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Never Forget the Propaganda: New 9/11 Documentaries Reinforce Old Narratives

by | Nov 2, 2021

Never Forget the Propaganda: New 9/11 Documentaries Reinforce Old Narratives

by | Nov 2, 2021

There’s a moment in the documentary 9/11: Inside The President’s War Room in which former FBI agent James Kallstrom says, “It’s a day that 50 years from now our children will be taught about.”

One can certainly imagine a future historian at the School of Interplanetary Communications giving a lecture about the al Qaeda attacks of September 11, 2001. The most efficient and intellectually honest pedagogical strategy would be to assign the class Scott Horton’s books Fool’s Errand: Time to End the War in Afghanistan and Enough Already: Time to End the War on Terrorism, and then lecture extensively on these books.

The easy way would be to show the class some well-funded documentaries.

Three such documentaries were released this year, and they may very well form the foundation of future generations’ 9/11 knowledge. This, as the leftists say, is problematic. These documentaries are filled with glaring omissions, misleading narratives, and outright state propaganda.

Before we critique them, let’s acknowledge some basic facts:

  • 19 members of al Qaeda carried out the 9/11 attacks

  • 9/11 was not the first time al Qaeda had attacked American targets

  • The Taliban are not al Qaeda

  • The Taliban did not participate in the attacks

  • Iraq did not participate in the attacks

  • Iran did not participate in the attacks

  • The United States started the conflict that became known as the Global War on Terrorism

Keep the above in mind as we offer the following correctives.

None Dare Speak The Name “Osama”

9/11: One Day in America is a six-part miniseries that premiered on the National Geographic Networdk on August 29. It was directed by Daniel Bogado and produced by Caroline Marsden, in official collaboration with the 9/11 Memorial & Museum.

This is high-end filmmaking that masterfully mixes archival footage with new interviews with survivors. It is often extremely difficult to watch. The terror and chaos of that pivotal day in Manhattan are palpable in every scene. 

Each episode emphasizes the violent loss of life, the overwhelming trauma of living through the attacks, and the feelings of loss and hopelessness. But it also highlights the strength and resiliency of the human spirit.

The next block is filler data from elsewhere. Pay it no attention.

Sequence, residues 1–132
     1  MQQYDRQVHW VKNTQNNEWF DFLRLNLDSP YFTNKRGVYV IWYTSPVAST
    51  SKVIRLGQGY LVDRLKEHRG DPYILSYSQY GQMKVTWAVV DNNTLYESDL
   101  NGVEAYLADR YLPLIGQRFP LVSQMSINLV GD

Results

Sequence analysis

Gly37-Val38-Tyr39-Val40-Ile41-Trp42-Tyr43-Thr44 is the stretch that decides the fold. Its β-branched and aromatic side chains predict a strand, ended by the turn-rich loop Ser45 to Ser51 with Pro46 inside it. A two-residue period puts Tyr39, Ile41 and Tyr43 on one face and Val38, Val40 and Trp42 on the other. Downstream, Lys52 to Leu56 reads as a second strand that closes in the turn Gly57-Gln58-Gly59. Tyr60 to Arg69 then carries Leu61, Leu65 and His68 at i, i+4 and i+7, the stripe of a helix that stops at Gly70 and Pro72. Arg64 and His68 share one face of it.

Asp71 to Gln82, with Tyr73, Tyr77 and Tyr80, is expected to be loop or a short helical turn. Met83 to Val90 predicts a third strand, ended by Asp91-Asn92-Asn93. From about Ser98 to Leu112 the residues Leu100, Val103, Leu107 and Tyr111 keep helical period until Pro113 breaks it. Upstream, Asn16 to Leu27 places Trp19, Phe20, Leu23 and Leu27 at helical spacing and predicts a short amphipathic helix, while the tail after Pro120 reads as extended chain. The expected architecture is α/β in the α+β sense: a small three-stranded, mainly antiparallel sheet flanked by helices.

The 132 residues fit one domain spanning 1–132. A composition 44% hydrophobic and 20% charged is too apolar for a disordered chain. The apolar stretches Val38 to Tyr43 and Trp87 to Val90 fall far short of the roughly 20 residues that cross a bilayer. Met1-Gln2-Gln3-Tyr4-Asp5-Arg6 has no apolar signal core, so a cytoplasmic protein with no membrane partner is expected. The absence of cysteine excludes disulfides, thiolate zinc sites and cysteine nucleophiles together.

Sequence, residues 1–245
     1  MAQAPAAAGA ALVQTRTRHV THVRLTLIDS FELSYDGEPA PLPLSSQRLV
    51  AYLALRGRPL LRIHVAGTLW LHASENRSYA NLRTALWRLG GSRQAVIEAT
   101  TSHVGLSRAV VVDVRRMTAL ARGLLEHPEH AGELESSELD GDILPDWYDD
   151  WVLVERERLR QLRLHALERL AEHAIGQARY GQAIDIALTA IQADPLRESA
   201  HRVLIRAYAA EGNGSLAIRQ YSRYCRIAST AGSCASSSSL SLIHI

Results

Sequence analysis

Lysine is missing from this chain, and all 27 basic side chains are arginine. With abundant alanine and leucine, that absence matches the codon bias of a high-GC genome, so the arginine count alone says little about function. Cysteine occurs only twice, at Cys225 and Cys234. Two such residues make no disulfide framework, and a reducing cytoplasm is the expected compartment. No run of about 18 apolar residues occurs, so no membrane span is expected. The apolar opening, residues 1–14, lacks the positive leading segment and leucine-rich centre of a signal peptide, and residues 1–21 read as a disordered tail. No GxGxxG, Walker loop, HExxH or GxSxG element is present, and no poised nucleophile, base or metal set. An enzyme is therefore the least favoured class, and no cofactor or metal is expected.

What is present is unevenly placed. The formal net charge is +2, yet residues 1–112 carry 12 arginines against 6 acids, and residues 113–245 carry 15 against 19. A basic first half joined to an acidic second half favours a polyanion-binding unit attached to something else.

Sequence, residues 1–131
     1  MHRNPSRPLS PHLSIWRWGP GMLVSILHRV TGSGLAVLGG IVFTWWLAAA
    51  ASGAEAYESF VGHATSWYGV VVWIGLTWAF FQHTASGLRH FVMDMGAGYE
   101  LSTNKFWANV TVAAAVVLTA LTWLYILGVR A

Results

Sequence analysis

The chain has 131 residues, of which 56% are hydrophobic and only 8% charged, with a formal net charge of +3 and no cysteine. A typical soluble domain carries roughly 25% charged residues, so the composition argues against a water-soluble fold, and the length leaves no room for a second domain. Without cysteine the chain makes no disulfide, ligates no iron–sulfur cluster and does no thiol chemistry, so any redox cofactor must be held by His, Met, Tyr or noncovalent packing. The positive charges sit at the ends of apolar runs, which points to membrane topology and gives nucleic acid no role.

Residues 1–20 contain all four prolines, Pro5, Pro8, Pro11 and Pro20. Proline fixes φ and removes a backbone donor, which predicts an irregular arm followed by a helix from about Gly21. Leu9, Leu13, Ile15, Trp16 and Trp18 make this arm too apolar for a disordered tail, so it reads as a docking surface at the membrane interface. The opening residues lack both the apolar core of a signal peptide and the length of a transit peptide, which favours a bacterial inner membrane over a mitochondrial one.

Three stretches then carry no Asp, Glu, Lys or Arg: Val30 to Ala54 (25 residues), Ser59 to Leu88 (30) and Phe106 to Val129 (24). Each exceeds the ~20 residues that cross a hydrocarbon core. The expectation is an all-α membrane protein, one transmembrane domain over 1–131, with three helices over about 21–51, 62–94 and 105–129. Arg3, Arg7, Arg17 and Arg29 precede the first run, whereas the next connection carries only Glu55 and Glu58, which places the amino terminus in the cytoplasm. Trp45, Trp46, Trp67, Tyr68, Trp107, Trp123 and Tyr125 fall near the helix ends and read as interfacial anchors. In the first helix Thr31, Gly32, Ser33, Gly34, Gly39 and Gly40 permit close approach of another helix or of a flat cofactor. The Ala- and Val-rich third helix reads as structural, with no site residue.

In episode four, FDNY firefighter John Morabito recalls the moments after both towers had collapsed. “As I’m looking around there’s cars that are destroyed. There was an ambulance on fire. I really thought this was it. This was the end. This was the end of the world. This was the armageddon.”

Morabito’s response was to pick up a dropped fire hose and put out the ambulance fire. This act is sublimely representative of the heroism of the day. And the documentary is filled with such moments.

What it isn’t filled with is historical context. At no point during the almost five hours of this miniseries does anyone mention Osama bin Laden, al Qaeda, or any of the 19 hijackers. Not once. The archival footage doesn’t mention them. The interviewees don’t mention them. The filmmakers don’t mention them.

To be charitable, the documentary is clearly committed to evoking that one day of horror;  focusing on the direct experiences of those who survived the attacks.

“Rather than focusing on the politics, the buildup or the aftermath of the attacks, this series concentrates exclusively on the detailed testimony of witnesses and survivors on that day,” says David Schweitzer, the composer who scored the documentary with haunting, beautiful music. “It’s sometimes a harrowing watch, but a compelling and ultimately a very humane one.”

The documentary revolves around the conceit that, “It is now possible to tell the story of that day in full.” This, of course, is impossible, but the documentary does one hell of a job in its attempt. And it is difficult to imagine a survivor, hurrying down a stairwell in one of the doomed towers, saying something like “This is blowback for decades of American foreign policy.”

As Chalmers Johnson said, “‘Blowback’ is a CIA term first used in March 1954 in a recently declassified report on the 1953 operation to overthrow the government of Mohammed Mossadegh in Iran. It is a metaphor for the unintended consequences of the U.S. government’s international activities that have been kept secret from the American people.”